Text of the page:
Der deutsche Education Blog

March, 2011

Microsoft Research Connections Blog

The Microsoft Research Connections blog shares stories of collaborations with computer scientists at academic and scientific institutions to advance technical innovations in computing, as well as related events, scholarships, and fellowships.

March, 2011

  • Microsoft Research Connections Blog

    Building a Collaborative Research Relationship with the Chinese Academy of Sciences

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    I recently had the great pleasure of visiting with staff at the Chinese Academy of Sciences (CAS) in Beijing, China. CAS is China's leading academic institution and comprehensive research and development center in natural science, technological science, and high-tech innovation. The Asia-Pacific Microsoft Research Connections team has done a terrific job of establishing a relationship with CAS in recent years. That early groundwork paid off in many ways during my visit to the CAS in February.

    Tony Hey, Corporate Vice President, Microsoft Research Connections presents The Fourth Paradigm: Data-Intensive Scientific Discovery.

    Tony Hey, Corporate Vice President, Microsoft Research Connections presents
    The Fourth Paradigm: Data-Intensive Scientific Discovery.

    There are more than 100 institutes under CAS to focus on specific research areas. I visited the Computer Network Information Center (CNIC), which is a public institution that supports networks and information infrastructure for CAS. Professor Tieniu Tan, deputy secretary of CAS, and some researchers from different research institutes that are involved in the eScience program came to CNIC to host my visit. Among the topics we discussed were eScience-related projects and the Academic Cloud Program at Microsoft Research. I found the CAS team very welcoming and ready to share ideas. We will be building on that enthusiasm: as of February, CAS is a key Microsoft Research Connections partner for eScience in China.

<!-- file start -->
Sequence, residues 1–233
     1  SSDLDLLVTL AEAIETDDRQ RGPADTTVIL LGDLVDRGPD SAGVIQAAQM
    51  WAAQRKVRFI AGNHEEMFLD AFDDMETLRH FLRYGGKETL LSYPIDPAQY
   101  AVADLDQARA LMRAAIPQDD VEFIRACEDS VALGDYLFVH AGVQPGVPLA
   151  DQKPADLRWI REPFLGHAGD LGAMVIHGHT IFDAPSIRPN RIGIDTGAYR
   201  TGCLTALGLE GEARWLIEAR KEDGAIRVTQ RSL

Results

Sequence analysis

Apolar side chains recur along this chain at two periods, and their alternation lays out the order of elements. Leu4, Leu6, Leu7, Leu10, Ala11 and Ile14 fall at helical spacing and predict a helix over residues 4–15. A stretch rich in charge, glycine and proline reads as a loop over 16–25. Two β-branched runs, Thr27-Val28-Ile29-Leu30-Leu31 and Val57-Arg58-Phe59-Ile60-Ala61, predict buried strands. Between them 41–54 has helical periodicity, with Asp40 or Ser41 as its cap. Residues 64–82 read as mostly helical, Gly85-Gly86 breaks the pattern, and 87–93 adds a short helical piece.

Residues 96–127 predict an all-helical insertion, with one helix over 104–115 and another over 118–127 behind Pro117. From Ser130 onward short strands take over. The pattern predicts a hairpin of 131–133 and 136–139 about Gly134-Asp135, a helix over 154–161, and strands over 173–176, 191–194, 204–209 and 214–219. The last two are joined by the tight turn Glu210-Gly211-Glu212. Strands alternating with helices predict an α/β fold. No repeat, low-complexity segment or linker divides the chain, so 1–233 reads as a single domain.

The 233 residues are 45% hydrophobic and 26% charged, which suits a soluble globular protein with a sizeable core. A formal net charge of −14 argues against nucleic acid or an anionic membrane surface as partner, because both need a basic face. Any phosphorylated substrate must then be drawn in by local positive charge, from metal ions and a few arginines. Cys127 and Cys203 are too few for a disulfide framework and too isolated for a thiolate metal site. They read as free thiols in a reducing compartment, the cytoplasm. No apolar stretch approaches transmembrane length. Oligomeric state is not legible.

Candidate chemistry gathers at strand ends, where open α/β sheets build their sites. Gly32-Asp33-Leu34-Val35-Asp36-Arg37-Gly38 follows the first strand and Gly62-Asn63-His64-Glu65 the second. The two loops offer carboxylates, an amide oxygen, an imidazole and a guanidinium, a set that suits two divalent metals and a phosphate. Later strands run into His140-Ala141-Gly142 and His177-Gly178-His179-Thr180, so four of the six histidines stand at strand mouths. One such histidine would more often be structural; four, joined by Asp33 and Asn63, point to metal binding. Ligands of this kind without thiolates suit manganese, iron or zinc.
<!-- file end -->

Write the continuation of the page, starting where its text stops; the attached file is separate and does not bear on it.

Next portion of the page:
In addition to meeting one-on-one with CAS high-level staff, leading researchers, and executives, I had the pleasure of delivering my presentation, The Fourth Paradigm: Data-Intensive Scientific Discovery. The audience included a diverse student body as well as faculty representing various research fields, such as chemistry, high-energy physics, biotechnology, geography, environment, database, computing, engineering, and automation.

    Although I was there to speak, I was also there to listen. One of my hosts, Professor Mingqi Chen, director of the Information Department of the CAS General Office, presented on cyber-infrastructure and eScience applications in CAS in three categories:

    The goal of the eScience program in CAS is to build an Open Science Cloud that serves CAS researchers and the broader scientific community. Professor Chen presented some typical eScience applications in CAS, including Galactic Wind Simulation, a real-time prediction of sandstorms system, and ChinaFLUX, which includes a large scientific facility, a field sensor-network real-time data-collection system, and an astronomical virtual laboratory.

    My visit ended on a positive note when another of my hosts, Professor Tieniu Tan, approached me to propose that we further our collaboration through a joint eScience workshop. This workshop will take advantage of the eScience experience and resources that both CAS and Microsoft Research have acquired through our past research work. We will meet again soon to work out the details of this next collaborative venture.

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    Tony Hey, Corporate Vice President, Microsoft Research Connections

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    Universities Partner with Scholarships for Aspirations Award Winners